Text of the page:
It's our last day of school today. The fact that I'm sitting here at 6 o'clock writing this and that I've already been awake for some time shows a probable case of excess of alcohol last night more than anything else. But I think I was woken up by thoughts and feelings about all of this ending as well.

It has been two weeks of almost constant work. Days of 9am-9pm or 9am-10pm. My commande itself didn't go that well and I'm finding it hard to let go of and come to terms with. I ended up making a huge change to it on Friday night and re-working it over the weekend. I had been directing rather than being in it and decided to be in it because I wasn't able to get my (brilliant) actress to do what I wanted her to. (It was her suggestion). I worked much faster from the inside. Great lesson. Despite what everyone has said to me my entire life I am obviously not a director.

I regret extremely that I didn't ask to go on Thursday instead of Monday as it clearly wasn't ready and there were others that were. Regrets, regrets. The teachers said that it was good what there was but they wanted more. It was too short. I think they were being overly nice. . I didn't play it very well due to exhaustion and it not being ready. When you have rehearsed enough a part settles into your body. It wasn't in my body.

I was very lucky though to be cast in others people's work, and have had some nice comments on my playing in theirs. It was a real pleasure to enter into people's different worlds.

The profs have been very careful in their feedback all week, trying to right wrongs and send us off on a good note. I haven't entirely believed some of their feedback. I was watching the profs faces as they watched one of the performances and was able to see their reaction to some of the pieces and then heard a rather altered version in the feedback afterwards, above all yesterday when they were clearly trying to send us off on a good note. After such frank feedback for two years it rang a bit false.

I am so sad to leave. It has been the best two years of my life. I am scared and hopeful and excited and regretful and most of all so, so glad that I have had this amazing experience. I don't know if it's changed my life, though I suspect it will have done. I think it's changed me and changed me more than I yet realise. I feel I have two years of happiness in the bank and that I am well set up with a stock of good feelings for what it to come. I am clear about what I want for myself for the future.

When I arrived at Lecoq I was anything but clear. I had fallen out of love with theatre and with acting. I didn't believe in it any more and it was like loosing my religion. Again. I have been in love with theatre ever since 'Bandycoot'(early puppet show at Croydon library - the crocodile ate the cake), and decided to be an actress after reading my first full length book 'Mr Galliano's Circus' at about five.

I had a bit of a bumpy time towards the end of first year and retrospectively I think I was making the decision whether to stay as a performer or not. And how that could be possible. My amazingly talented friend A**, clear queen of the class, had a visit from her mother. She quoted an agent friend of hers who says 'I've never met a happy actress'. It's a bitter profession and more so for women. There are more actresses and fewer parts and the parts that there are are less diverse and more stereotyped - mother, hag, whore. I am out to prove him wrong. I think Lecoq has given me the tools to be a happy actress. I think I can.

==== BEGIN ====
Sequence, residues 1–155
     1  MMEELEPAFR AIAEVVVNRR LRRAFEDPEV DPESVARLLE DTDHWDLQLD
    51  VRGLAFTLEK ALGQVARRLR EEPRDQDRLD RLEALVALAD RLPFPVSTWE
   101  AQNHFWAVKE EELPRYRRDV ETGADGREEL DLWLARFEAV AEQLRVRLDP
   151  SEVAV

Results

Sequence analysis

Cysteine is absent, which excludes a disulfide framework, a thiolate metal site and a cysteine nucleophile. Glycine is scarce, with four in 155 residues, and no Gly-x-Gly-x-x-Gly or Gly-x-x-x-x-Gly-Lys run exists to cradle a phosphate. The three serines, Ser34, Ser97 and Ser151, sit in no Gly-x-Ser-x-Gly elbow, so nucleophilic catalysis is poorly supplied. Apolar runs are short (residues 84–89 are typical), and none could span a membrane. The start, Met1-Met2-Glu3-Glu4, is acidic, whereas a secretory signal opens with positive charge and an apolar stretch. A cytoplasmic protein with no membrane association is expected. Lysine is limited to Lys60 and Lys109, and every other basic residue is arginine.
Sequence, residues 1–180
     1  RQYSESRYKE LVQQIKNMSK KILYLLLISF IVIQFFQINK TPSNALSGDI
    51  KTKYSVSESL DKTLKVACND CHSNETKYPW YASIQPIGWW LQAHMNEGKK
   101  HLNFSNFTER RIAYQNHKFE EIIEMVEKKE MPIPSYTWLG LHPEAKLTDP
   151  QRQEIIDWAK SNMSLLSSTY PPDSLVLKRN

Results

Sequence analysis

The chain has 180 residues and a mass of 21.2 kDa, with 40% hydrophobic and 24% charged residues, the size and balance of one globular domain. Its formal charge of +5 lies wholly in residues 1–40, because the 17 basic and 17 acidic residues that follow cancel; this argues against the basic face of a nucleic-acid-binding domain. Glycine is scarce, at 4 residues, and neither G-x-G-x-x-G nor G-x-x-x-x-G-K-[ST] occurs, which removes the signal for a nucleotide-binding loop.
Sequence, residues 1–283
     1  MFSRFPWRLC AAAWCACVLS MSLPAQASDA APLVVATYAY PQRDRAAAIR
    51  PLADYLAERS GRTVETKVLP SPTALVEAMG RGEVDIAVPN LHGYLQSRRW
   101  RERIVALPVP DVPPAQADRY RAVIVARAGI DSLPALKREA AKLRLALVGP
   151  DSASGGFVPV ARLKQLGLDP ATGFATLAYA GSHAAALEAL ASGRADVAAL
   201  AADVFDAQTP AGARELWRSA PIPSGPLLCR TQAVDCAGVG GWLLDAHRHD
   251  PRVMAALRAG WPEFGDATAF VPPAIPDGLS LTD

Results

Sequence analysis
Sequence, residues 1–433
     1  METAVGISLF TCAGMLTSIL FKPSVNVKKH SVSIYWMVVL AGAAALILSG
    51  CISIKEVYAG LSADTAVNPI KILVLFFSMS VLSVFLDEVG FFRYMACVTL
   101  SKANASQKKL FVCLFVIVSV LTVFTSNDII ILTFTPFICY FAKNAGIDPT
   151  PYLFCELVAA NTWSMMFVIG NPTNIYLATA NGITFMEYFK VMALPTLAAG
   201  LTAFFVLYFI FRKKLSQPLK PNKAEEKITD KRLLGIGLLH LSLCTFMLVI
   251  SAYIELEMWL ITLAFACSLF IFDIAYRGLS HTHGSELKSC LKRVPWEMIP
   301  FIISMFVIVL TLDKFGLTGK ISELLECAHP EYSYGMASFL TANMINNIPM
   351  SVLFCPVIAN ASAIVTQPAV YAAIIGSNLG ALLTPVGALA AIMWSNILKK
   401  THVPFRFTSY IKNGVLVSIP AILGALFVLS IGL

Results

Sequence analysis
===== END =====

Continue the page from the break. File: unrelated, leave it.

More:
Wednesday, June 13, 2007

Commandes spelt with an e

Even though it's amazingly knackering there's something much simpler and less stressful, certainly than the soiree and than autocours overall. I'm involved in nine commandes altogether, though with two of them my presence is so fleeting it hardly counts, and then I'm not acutally in my own, but there's still lots of work on that. so about seven really.

With autocours you get given your theme and then you all fight about interpretation and who has the best idea for a week. With the commandes someone comes and very flatteringly asks you, no chooses you, to be in their thing and then you turn up and they tell you what they want to do. Of course it depends a little on whether you agree with what the person is doing. If you think what they're doing is shit it could be rather depressing. Fortunately I rather like all the ones I'm doing, though I'm sure the teachers won't agree.

There's also something completely charming about entering into people's worlds, into their heads. We are all peddling our own brands of madness.

Saturday, June 09, 2007

Make Poverty History

Can we? Let's try eh?

Sign below petition to actually try and do something instead of just being depressed about how bad it all is....

World Day to Overcome Extreme Poverty
17 October 2007

- I am in solidarity with all those who are fighting throughout the world to eliminate extreme poverty.

- I want to contribute to promoting respect for the dignity of all people, and their effective access to human rights.

- I want to join efforts to enable those living in extreme poverty and exclusion to participate fully in their societies, including the commemoration of October 17th, International Day for the Eradication of Poverty.